Question: Do you think that there’s a chance that this package will maybe make it through this time, or is this a reason to take back the legislature?
Answer: “My mother taught me to always be optimistic, so I’m gonna remain optimistic that the data about the rise in hate crimes in Virginia that parallels what we’re seeing nationally compels legislators who up until now maybe haven’t taken it seriously for them to start looking seriously at some of this. I would have thought what happened in Charlottesville a year ago in August would have done it, but if not, you know certainly the data should help show that. The State Police reported a 64% increase in hate crimes since 2013; over 200 hate crimes in Virginia last year and every category of bias showed an increase. So I’m hopeful that with some of them horrific massacres that we’ve seen, hate-related, it’s time to really start taking action on this. There’s a link to gun violence as well. If it’s blocked again, I think we should be putting it out to the voters, whether it is hate crimes legislation or reasonable gun safety measures. We need to put that out there so voters can see who is really standing up in fighting crime and who’s not – and there’s a clear choice.”
Question: Getting back to Dominion, should a public service corporation, really any corporation that has issues and interests before the legislature, should they be able to lobby the state, should they be able to donate money to the very people who are regulating them? I’m focusing a lot on Dominion because they’re a very powerful player in Virginia…they seem to be able to usually get what they want. Maybe that’s just purely coincidental that they also give hundreds of thousands or millions over that time period actually to Virginia candidates and incumbents, but…
Answer: “All of the decisions and the actions I’ve taken have been based on what I thought was best for Virginians and what the law required, and my record backs that up. At the same time, I’ve seen the public’s trust in government at a real low point. And last year I talked to a lot of Virginians on the campaign trail, a lot of candidates including this crop of 15 Democrats have been added to the House, about this lack of public trust. So I’ve decided after the election last year that I would not accept contributions from state-regulated monopolies and that’s going to be my policy going forward…That’s something that I think I could do to help restore the public’s trust.”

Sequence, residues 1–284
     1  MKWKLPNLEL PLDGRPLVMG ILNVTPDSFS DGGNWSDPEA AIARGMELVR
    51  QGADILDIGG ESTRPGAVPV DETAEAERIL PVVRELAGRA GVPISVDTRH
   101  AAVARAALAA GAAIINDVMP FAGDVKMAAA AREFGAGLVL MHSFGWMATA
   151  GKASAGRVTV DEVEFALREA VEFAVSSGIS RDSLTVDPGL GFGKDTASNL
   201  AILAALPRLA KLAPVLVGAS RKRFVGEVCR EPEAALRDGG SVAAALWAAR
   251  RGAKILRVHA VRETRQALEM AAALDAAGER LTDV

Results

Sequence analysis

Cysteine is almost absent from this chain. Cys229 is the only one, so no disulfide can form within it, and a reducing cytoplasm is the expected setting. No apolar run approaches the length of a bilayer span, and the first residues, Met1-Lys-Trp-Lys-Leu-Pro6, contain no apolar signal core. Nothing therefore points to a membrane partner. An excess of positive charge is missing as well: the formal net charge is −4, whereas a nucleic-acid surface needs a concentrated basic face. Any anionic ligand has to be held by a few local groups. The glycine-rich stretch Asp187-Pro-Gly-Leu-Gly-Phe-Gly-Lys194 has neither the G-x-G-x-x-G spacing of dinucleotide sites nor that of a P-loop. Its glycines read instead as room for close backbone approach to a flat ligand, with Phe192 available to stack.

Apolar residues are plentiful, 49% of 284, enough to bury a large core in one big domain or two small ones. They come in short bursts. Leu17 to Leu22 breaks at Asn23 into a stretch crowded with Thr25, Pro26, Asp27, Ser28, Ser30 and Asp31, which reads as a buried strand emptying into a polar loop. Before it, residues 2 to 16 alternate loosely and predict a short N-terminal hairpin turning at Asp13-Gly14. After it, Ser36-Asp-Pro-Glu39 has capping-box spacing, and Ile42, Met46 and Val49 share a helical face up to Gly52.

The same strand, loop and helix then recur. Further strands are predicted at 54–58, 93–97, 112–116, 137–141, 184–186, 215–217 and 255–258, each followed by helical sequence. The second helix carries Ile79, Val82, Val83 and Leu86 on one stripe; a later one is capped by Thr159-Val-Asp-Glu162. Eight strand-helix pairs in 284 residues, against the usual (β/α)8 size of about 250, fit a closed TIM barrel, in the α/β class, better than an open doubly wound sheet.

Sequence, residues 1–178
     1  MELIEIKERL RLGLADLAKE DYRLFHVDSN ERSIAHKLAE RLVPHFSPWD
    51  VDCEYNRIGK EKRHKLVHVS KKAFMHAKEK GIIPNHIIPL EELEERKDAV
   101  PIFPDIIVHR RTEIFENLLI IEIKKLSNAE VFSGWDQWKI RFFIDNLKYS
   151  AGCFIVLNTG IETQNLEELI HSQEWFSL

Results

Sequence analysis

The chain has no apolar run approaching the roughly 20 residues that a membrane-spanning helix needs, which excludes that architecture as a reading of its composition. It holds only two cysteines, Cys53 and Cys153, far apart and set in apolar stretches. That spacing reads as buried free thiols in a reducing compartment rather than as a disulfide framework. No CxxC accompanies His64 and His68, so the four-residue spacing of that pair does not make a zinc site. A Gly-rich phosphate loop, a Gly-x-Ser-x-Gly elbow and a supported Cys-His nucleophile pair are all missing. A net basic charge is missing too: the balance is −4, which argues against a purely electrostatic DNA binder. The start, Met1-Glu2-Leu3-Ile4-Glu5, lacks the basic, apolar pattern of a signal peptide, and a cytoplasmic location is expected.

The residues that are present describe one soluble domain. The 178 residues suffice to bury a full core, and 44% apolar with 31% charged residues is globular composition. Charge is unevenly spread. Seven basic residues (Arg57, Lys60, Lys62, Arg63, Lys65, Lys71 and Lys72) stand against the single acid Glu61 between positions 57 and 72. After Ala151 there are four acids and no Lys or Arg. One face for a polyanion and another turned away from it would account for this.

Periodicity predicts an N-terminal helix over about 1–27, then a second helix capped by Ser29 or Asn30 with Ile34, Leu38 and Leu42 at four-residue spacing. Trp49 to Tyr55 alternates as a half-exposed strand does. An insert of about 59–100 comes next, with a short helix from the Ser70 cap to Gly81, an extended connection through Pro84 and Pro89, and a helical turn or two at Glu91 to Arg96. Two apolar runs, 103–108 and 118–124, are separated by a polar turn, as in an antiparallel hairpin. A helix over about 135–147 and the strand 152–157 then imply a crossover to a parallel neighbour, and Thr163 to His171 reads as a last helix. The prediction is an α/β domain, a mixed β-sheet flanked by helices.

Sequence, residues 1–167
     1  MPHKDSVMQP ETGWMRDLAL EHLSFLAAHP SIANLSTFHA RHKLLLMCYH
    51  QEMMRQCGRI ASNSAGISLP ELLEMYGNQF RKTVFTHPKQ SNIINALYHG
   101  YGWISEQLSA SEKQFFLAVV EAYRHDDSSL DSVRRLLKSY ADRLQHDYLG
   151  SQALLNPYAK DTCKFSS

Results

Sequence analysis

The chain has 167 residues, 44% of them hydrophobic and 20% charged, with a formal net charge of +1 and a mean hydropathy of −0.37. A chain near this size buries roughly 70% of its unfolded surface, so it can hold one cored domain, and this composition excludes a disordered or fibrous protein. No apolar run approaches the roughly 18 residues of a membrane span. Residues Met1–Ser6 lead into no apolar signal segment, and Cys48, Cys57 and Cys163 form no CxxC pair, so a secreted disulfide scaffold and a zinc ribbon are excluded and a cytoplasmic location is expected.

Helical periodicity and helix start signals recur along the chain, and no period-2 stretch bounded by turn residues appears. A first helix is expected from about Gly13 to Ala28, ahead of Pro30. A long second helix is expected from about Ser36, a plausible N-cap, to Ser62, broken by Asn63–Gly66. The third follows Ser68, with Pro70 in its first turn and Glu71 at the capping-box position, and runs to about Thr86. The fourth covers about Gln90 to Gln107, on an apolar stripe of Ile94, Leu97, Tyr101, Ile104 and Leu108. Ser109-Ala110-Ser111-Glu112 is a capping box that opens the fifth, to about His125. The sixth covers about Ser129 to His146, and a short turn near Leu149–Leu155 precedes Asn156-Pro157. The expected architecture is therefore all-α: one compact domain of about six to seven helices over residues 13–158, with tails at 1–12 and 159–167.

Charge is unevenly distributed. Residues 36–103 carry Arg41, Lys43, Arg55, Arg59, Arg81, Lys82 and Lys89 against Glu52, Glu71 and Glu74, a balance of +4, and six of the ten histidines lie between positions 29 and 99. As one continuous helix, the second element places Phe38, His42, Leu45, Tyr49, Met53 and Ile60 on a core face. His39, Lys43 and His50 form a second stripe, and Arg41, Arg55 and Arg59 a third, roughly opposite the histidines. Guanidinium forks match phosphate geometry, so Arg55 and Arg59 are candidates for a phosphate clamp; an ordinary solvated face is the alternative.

Question: You accepted previously, but you’re saying going forward you’re not?
Answer: “Starting with the last election, after having heard from so many constituents, so many Virginians about what a lack of trust they have in government generally, that perceptions are important and I’ve just decided that at that point going forward I’m not going to accept contributions from state-regulated monopolies or their registered lobbyists or key executives. And that may be some breaking news that you want to put on your blog.”
Question: This gets to broader ethics reform in Virginia and what is allowed in his state…
Answer: “I think campaign finance reform is an issue we ought to look at. I have a lot of thoughts on that. I think campaigns and elections cost way too much…The idea of limits has some real appeal, but what I’ve also seen is in those states and nationally where you set limits, it seems like the money still finds its way in. It’s just that much harder to get the kind of transparency that you get. So I like the transparency the Virginia has and that you know any contribution over $100 is reported…so if there were a way to have the limits and the transparency. And then the other issue is if the limits are set too strictly, like Colorado has a really low limit, and what I’ve seen is that kind of favors independently wealthy candidates, because they can self funds. I think there are a lot of issues that need to be on the table for a conversation and about what’s gonna be best for Virginia going forward.”
Question: I’ve always kind of been curious, when you took over that Attorney General’s office from Cuccinelli, because he was such a complete disaster, what was that office like? Was it a disaster or disaster or was it in good shape?
Answer: “Well a lot of the people who were there are good lawyers who believe in serving the public. We brought in a new executive leadership team and I am really proud about who we brought in. They’re very talented and with great ideas and my management style, if I have one, is to try to bring in the very best people I can and give them the tools and empower them to go out…and we’ve done that. There were a lot of things that we have done to modernize the office; there was no file management or document management system. Every law firm has one, but you know not the state’s law firm. So we have done that. We have upgraded our IT servers and privacy and protection. So we’ve really done a lot to modernize the office. But it’s really the the team that we’ve put in place at the management level that has really helped implement a lot of the things that you’ve seen our office do. And I’m constantly amazed at the breadth and scope of the work that our office does as a team.”